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PROJECTS BLOG 07/27/2009

Antelope Can Run Free- Thanks to BWB Volunteers

Nathan, Mishka, and Chaos (Left to Right) helped pull 10 miles of fence in the Sheldon National Wildlife Refuge in Nevada. Their efforts will clear the way for Bighorn sheep, Pronghorn antelope, and other animals to literally roam free across the land.

On June 20, volunteers of Burners Without Borders joined over 60 other volunteers and staff from other organizations and agencies near the Nevada/Oregon border, to remove 10 miles of nearly century-old barbed-wire fence in the Sheldon National Wildlife Refuge, primarily to free up the terrain and migratory patterns of pronghorn, bighorn sheep, and other animals.

The National Fish and Wildlife Service and Friends of Nevada Wilderness coordinated the project, with other volunteers coming from the Sierra Club, Audubon Society, and other state or national agencies.

Nine teams of volunteers including kids assembled in the morning, then dispersed for the day to various remote off-road locales in the refuge, to continue the work of previous projects of dismantling various fence lines, as well as work on habitat restoration and protection.

Using a variety of fence-pulling tools, volunteers learned and worked together in tandem as smaller teams on the fence lines, dismantling thousands of feet of barbed-wire fence and fence posts one-at-a-time across rugged terrain, while specially-rigged tractors and trucks then wound up the strands of the barbed wire fence.

Ian Richardson, Ray Leslie and family, Mishka Willis, Chris Neary, and Nathan Heller were among the volunteers from Burners Without Borders.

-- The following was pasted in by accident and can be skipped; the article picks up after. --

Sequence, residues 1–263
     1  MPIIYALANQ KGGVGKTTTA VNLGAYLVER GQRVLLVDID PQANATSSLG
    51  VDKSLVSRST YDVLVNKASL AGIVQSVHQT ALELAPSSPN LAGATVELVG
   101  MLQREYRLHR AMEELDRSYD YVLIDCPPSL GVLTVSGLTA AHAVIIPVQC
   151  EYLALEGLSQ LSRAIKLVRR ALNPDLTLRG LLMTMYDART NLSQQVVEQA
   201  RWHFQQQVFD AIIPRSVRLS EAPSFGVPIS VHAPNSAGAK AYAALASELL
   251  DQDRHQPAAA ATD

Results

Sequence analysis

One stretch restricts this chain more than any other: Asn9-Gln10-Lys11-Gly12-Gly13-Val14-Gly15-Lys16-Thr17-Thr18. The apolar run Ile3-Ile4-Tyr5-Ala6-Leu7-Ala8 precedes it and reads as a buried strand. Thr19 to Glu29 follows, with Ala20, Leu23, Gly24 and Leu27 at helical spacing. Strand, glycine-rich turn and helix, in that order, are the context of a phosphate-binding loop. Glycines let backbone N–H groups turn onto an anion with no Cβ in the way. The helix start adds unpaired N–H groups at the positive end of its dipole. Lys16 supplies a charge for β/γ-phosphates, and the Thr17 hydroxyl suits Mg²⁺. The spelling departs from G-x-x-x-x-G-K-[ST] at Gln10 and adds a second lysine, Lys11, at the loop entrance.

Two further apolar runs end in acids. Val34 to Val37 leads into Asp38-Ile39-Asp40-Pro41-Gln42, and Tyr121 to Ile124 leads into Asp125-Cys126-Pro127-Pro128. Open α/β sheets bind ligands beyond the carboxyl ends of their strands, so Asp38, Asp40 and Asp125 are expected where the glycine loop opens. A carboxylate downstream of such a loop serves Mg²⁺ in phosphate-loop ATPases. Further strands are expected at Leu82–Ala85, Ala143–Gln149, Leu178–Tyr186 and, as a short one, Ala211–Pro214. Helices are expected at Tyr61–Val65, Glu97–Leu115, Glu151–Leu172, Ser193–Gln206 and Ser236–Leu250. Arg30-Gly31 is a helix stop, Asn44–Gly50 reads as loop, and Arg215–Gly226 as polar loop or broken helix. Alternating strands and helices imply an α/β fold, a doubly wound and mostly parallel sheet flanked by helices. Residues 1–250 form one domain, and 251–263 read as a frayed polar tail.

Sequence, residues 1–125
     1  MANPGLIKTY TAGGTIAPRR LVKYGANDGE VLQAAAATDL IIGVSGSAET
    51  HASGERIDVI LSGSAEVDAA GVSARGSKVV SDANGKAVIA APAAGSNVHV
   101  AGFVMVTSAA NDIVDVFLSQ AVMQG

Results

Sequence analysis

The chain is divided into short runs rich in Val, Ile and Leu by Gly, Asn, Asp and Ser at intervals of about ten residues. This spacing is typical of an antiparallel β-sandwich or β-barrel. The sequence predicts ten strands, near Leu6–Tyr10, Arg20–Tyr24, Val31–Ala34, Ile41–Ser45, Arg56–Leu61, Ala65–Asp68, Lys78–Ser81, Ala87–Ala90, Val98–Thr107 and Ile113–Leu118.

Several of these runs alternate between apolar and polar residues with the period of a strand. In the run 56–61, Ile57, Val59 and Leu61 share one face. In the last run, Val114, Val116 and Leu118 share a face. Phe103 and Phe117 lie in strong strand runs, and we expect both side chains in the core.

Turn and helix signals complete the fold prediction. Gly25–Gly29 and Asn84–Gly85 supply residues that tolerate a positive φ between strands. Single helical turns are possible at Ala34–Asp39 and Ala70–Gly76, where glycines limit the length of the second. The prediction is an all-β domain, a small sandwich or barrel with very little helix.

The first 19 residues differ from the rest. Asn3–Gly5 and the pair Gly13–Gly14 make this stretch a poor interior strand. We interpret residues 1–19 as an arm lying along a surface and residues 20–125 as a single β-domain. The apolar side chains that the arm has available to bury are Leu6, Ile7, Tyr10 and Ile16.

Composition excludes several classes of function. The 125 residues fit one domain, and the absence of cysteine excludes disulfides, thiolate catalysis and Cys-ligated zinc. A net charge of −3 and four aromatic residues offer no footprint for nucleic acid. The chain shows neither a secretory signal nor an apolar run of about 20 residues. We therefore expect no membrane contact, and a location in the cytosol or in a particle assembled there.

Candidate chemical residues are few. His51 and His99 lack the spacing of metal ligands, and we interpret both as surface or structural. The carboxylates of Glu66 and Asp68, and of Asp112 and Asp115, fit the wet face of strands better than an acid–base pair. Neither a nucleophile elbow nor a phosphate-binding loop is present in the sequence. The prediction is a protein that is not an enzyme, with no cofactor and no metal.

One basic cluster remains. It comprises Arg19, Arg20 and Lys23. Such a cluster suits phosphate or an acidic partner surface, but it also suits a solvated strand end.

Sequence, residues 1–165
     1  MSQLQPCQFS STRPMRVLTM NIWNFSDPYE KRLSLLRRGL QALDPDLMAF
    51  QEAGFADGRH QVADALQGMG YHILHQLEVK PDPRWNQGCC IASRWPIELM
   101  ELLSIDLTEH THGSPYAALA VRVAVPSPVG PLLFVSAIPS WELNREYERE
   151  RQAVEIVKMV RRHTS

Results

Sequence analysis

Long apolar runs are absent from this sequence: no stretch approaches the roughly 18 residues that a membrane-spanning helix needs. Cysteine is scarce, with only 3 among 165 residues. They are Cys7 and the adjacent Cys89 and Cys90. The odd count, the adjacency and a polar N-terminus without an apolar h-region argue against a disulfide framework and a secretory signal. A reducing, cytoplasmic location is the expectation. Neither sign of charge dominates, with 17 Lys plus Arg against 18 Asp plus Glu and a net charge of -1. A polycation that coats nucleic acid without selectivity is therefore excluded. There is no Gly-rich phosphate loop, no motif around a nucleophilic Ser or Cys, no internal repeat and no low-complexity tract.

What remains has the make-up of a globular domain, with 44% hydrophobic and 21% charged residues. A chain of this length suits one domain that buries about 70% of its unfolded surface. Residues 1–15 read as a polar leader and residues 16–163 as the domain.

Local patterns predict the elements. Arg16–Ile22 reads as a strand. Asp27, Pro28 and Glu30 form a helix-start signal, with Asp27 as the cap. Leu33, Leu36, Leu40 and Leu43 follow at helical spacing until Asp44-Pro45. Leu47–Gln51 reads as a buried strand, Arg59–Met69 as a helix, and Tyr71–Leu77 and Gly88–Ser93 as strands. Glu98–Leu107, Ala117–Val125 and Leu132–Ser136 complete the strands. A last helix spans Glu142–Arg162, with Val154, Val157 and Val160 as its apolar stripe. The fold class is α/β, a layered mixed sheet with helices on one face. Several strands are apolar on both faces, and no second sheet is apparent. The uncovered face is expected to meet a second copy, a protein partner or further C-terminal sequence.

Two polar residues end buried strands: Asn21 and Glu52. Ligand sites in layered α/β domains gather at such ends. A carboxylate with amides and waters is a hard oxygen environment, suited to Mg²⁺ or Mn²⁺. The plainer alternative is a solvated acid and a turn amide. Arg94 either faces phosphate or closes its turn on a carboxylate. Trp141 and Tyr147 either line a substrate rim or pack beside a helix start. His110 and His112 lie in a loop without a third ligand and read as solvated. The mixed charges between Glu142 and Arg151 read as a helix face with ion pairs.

It was an unusually wet summer and hot day in the Sheldon, with more than one vehicle getting stuck in muddy areas, and with the day being visited with several waves of rain showers, or alternately heat and sunshine.

Locals commented that they had never seen this much moisture during the summer.

There was therefore an incredible amount of blooming foliage, and brimming ponds and water tables in this very beautiful high-desert region of Northwestern Nevada.

Volunteers were at the end of the day treated to a feast c/o Friends of Nevada Wilderness back at camp, and the following day, tours were provided through some areas of the refuge.

Volunteers from other organizations were very interested to hear stories and more about Burners Without Borders, their previous projects, as well as that event off on the Black Rock known as Burning Man.

“The Sheldon National Wildlife Refuge protects more than half a million acres of high desert habitat for large wintering herds of pronghorn antelope, scattered bands of bighorn sheep, and a rich assortment of other wildlife. The landscape is vast, rugged, and punctuated with waterfalls, narrow gorges, and lush springs among rolling hills and expansive tablelands of sagebrush and mountain mahogany.

Although established for the protection of wildlife and habitat, the refuge encompasses other interesting features. The remains of old homesteads and ranches intrigue visitors. The lure of fire opals draws miners and rock collectors to the Virgin Valley mining district. Geothermal hot springs create a refreshing oasis in the heart of the refuge. The refuge’s mosaic of resources and public interests generates significant management challenges.”

For further information on the Sheldon National Wildlife Refuge and the June 20 rendezvous, please visit the Friends of Nevada Wilderness website:

– Nathan

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